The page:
'P-values' are considered as statistically significant if they are equal or smaller than the chosen significance level. This is the actual test of significance. This test interprets those 'p-values' falling beyond the threshold as 'rare' enough as to deserve attention: that is, either a rare random fluctuation (or rare event) which occurs 1 time in 33 happened, or the null hypothesis does not explain the observed results. Under the 'parameters' of a test of significance, thus, two other conclusions can be drawn, according to Fisher (19605):

  • 'p-values' can be interpreted as evidence against the null hypothesis, with smaller values representing stronger evidence.
  • the null hypothesis can be rejected as being true for the observed data.

Only under the 'parameters' of a test of significance, above two interpretations are somehow reasonable. This is so because, literally, 'p-values' represent the probability of the observed data under the null hypothesis, and no probability (even extreme ones) can be used as evidence of what is already true in a mathematical sense. The solution, of course, is to repeat the research or experiment to ascertain whether significant results are consistently obtained beyond what is expected (ie, greater than 1 time in 33 trials).

A second 'paradox', unsolvable by mathematical means alone, is the rejection of the null hypothesis. Indeed, 'p-values' represent the probability of the observed data under the null hypothesis (ie, 1 time in 33 you will get the same results) and there is no way that the calculus of probabilities resolves such 'paradox'. Cohen (19941) criticised Fisher's logic as following an invalid syllogism like this: "If the null hypothesis is correct, then (significant data) are highly unlikely. (Significant data) have occurred. Therefore, the null hypothesis is highly unlikely" (p.998). However, even Cohen missed the point that, literally, the null hypothesis is correct (no 'if' attached), that is "The null hypothesis is correct, and extreme data are highly unlikely. Extreme data have occurred. The null hypothesis is still correct." The difference between these is the qualifying words 'significant data', which for Fisher represented the test of significance and prompted a rational call for dividing the observed results between those which disproved the null hypothesis and those which did not (pending the experiment was also valid).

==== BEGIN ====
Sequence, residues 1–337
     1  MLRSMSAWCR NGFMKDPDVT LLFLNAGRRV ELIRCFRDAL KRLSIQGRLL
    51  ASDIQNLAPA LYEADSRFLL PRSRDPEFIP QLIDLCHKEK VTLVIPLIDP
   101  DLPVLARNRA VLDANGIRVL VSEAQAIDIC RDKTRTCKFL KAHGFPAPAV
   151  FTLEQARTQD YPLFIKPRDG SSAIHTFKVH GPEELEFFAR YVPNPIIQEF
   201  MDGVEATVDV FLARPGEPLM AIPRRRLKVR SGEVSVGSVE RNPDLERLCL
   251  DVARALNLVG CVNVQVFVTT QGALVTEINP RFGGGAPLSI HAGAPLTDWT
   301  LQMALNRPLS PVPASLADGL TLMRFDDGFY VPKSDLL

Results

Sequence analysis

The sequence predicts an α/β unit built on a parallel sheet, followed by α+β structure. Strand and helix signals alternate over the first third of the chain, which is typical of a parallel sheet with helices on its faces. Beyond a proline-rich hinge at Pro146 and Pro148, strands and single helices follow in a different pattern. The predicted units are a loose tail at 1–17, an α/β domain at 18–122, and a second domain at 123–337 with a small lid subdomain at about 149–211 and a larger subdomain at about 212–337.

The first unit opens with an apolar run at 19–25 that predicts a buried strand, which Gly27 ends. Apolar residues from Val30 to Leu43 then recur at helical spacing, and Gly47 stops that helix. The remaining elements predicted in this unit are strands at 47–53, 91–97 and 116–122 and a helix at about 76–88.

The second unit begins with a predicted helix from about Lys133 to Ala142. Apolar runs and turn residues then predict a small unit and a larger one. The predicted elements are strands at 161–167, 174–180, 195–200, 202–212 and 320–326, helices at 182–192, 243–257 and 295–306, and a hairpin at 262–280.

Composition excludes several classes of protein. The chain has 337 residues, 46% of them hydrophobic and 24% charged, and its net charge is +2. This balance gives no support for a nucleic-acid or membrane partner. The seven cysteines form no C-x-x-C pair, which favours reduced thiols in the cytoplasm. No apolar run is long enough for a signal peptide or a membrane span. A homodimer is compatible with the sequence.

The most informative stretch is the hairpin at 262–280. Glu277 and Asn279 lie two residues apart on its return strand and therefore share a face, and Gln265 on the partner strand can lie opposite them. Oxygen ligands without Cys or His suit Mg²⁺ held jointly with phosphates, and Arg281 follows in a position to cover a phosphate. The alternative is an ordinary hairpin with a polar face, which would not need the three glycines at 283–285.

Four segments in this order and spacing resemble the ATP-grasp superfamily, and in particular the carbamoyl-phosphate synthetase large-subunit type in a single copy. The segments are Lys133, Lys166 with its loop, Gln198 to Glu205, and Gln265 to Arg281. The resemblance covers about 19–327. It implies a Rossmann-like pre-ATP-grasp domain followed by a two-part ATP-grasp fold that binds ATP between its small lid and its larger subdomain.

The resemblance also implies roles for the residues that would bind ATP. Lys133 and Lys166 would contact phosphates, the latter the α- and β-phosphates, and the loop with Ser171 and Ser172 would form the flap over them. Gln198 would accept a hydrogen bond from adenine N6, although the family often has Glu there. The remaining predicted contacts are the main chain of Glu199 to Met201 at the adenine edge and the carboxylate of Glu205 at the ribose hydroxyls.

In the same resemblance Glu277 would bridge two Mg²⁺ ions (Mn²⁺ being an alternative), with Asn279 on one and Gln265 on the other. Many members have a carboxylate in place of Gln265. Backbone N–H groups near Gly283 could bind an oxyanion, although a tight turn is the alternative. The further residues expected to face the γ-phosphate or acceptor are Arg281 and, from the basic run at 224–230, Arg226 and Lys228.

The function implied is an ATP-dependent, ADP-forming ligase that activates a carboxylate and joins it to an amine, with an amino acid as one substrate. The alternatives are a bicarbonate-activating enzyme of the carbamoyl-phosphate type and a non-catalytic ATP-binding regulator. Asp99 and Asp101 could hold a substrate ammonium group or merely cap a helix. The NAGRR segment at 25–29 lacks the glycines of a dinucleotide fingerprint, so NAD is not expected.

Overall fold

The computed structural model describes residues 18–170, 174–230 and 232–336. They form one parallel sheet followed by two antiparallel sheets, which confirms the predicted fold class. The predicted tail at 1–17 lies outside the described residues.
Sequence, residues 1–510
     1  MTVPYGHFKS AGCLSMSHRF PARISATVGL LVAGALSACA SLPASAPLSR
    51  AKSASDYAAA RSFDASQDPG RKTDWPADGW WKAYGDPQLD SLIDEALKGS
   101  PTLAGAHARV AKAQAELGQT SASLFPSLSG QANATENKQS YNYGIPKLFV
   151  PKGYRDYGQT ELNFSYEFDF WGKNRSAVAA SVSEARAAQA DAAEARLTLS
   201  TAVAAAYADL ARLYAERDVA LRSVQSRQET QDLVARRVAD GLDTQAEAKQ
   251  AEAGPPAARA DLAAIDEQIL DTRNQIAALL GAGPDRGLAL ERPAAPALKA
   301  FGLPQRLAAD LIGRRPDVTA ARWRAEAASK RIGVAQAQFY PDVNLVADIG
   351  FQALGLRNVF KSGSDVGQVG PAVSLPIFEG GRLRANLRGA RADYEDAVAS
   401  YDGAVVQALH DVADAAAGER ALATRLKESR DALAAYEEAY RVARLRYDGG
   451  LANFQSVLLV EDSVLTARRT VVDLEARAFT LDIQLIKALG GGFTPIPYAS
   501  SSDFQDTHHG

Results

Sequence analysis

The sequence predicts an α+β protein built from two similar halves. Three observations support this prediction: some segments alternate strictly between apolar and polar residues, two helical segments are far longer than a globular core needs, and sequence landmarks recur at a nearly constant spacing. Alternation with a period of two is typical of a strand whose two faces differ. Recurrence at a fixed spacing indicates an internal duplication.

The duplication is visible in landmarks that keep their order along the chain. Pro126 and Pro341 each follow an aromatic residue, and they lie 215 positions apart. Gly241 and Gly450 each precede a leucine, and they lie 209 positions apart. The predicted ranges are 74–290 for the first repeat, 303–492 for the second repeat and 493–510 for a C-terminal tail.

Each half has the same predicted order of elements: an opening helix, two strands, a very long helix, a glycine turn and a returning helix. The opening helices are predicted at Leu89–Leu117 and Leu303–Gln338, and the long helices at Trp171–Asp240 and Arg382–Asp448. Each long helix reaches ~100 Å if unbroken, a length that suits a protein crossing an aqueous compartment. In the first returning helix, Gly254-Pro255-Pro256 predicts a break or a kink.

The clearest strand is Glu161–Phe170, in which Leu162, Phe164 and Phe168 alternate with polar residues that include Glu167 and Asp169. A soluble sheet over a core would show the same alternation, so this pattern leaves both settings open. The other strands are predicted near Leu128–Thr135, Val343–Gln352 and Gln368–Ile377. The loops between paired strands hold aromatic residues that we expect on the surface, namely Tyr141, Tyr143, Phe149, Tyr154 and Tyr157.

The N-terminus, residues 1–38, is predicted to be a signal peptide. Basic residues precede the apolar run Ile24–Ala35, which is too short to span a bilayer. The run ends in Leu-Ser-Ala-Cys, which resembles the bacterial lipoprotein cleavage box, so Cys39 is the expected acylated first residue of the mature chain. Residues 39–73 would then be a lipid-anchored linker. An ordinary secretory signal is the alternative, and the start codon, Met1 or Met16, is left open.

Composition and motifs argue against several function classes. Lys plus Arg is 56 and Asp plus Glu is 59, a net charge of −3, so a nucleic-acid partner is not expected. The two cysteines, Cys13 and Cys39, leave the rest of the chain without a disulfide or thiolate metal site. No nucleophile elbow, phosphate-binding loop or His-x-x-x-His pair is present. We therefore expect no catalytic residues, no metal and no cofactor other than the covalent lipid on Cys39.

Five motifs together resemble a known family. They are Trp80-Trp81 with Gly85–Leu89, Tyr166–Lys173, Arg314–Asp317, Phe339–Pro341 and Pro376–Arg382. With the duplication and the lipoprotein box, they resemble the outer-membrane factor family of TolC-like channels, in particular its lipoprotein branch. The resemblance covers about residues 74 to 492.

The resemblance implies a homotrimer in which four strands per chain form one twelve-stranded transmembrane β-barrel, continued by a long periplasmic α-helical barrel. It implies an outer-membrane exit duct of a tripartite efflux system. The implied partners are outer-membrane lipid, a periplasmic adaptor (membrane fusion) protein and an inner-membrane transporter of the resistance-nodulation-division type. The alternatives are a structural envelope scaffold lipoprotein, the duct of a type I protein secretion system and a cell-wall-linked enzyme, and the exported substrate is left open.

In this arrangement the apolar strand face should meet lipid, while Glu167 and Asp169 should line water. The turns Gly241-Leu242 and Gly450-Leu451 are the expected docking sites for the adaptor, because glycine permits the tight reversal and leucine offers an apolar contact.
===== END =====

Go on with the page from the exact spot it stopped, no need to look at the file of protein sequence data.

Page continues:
Although Fisher claimed that a test of significance is an inferential tool not a deductive one, an attempt to a syllogism, following Cohen's (19941), may shed some light onto what a test of significance can and cannot do mathematically. Such syllogism would go like this: All fair coins have a 50/50 head-tail probability with extreme values in their tails (Ho). My coin has a extreme probability (significantly different from 50/50). Therefore, my coin either is a extreme case of a fair coin or is not a fair coin. Thus, the test is carried out on the particular case represented by "my coin" behaving as a hypothetical fair coin rather than on the null hypothesis itself, it is incapable of resolving the conundrum whether the results are due to an extreme occurrence of a fair coin or to a normal behavior of a coin which is not fair, and it cannot be used to reject the null hypothesis because it hasn't tested it.